The scene takes place in Lautrec’s attic and the stakes could not be higher in this moment. In the previous scene, Satine’s relationship with Christian has become public, and the Duke has found out about their affair and is threatening to close down the club, remove funding for the show, and put everyone out of work. To avert disaster, Satine tells Christian that she plans to reaffirm her love for the Duke. Time ticks by and with opening only days away, Christian, who’s supposed to be writing the show, can’t stop thinking about Satine. “He’s driven mad by her,” says Timbers. “He’s in a certain near-suicidal state, and his friends are telling him to get a hold of himself. He’s got this great monologue by John [Logan] that’s about how he closes his eyes at night and everywhere he looks, he sees Satine, and he tries to blot it out but he can’t. That’s foreshadowing what's about to happen in the number.”
In a last-ditch effort to save Christian, Zidler comes up with a plan: lots of absinthe. “Alcohol isn’t going to cut it,” Timbers says paraphrasing the club’s impresario. “You’ve got to burn her out of your system.” Lautrec and Santiago immediately sign on for a visit by the Green Fairy (a nickname for the spirit). “They talk about how absinthe is hallucinogenic and makes you a visionary,” says the director. “It’s a poet, but it’s also a demon. It’s lethal. It's very dangerous, what he’s about to do. People have lost their minds to this. And he basically says, ‘Well, I've already lost my mind. Let’s do it.’”
The objective? Coax Christian; distract him with something more powerful than alcohol. “The lyrics are, ‘Push it down, push it down.’ It’s like, suppress the emotion,” says Timbers. 1-2-3, 1-2-3 drink. 1-2-3, 1-2-3 drink. “Then it’s ‘throw them back till I lose count.’ It’s time to rage, party, forget, and live like tomorrow doesn't exist. And then Christian says, ‘Keep my glass full until morning light.’ So the way I see the song is it’s his friends trying to exorcise this demon from him—his obsession with Satine—that's destroying his life.”
With the lyric parallel set, it was time to consider what audiences would actually see in the moment. In the movie, Christian’s absinthe adventure is at the beginning of his stay in Paris. Pop star Kylie Minogue plays the Green Fairy on screen, but on stage, it’s quite different. “A lot of the things with these Easter eggs is figuring out how you deliver those exciting moments, but recalibrate them in a surprising way,” explains Timbers. “Making Satine the Green Fairy was something that was really interesting; Christian gets drunk and his friends are hoping that he’ll forget her, but instead it haunts his brain.” As the song continues, multiple Satines “visit him like sirens… taunting him, tempting him, beckoning him, in this whirling dervish of a hallucinogenic trip.”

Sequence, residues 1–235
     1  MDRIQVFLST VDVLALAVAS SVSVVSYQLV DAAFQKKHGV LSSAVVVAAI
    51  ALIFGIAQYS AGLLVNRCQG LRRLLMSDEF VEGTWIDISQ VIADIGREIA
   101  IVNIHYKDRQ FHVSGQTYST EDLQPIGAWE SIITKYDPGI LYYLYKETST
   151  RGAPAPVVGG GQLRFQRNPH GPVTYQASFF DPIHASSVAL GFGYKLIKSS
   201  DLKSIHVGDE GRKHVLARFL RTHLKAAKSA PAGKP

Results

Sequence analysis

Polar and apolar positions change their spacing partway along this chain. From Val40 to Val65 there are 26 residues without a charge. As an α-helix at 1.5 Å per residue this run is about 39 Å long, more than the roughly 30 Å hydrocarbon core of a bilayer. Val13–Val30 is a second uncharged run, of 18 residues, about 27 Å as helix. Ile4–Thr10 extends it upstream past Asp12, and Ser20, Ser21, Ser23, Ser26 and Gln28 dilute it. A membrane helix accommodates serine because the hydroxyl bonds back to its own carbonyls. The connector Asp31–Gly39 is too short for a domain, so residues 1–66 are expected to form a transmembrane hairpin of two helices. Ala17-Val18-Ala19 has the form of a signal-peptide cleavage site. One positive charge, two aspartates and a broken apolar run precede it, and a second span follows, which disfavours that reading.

As he sees her, he can’t grasp any of them. He’s trying to heal, but it’s far worse—it’s a bad trip. The scene becomes one of excessive ecstasy and pain, and the passion that unites these two star-crossed lovers. By the end of the song, Christian is done trying to forget. He’s going to find her. “We began the song in one place. He’s gone on this whole journey of erasing her and now he’s even more obsessed with her… he’s on this razor’s edge of sanity and insanity because he’s so lovestruck.” So, as the score fulcrums into “El Tango de Roxanne,” several edge-of-your-seat questions emerge: Is Christian going to kill the Duke? Is he going to profess his love for Satine again? Can he even win her back?
With the story and music locked, Timbers explains the collaborative structure that makes the song such a standout moment. “One of the reasons I love Moulin Rouge! is the idea of total theatre. What I mean is that every department—actors, props, lights, sets, music, choreograph—is firing at one idea. Everyone is building this thing together to create this fever dream.
In order to bring audiences inside Christian’s mind, the creative team relied on a lot of traditional techniques. Multiple performers “spill out like cockroaches,” says Timbers, from behind Derek McLane’s wing-and-drop sets. Justin Townsend’s lighting bathes the set in absinthe green, using moving lights to create a sense of disorienting movement mimicking drunkenness. Catherine Zuber’s costumes create an army of Satine doppelgangers with wings that focus the eye. Sonya Tayeh’s athletic choreography embodies Christian’s dialectic of trauma and joy. “Even in props—props doesn’t get a lot of shout outs, but props to props—they built these special glowing bottles. They light up and undulate green inside, so it’s like the absinthe is almost magical. We have this crate that opens up and it’s like the crate in The Goonies or the briefcase in Pulp Fiction.”
The moment is so important that “Chandelier” has become an important part of the audition process. “You’ve got a big kind of choral element of it, and then you’ve got the three-part harmony for our leads, those voices [have to] to blend and blow you away.”
Consider us [head-exploding emoji].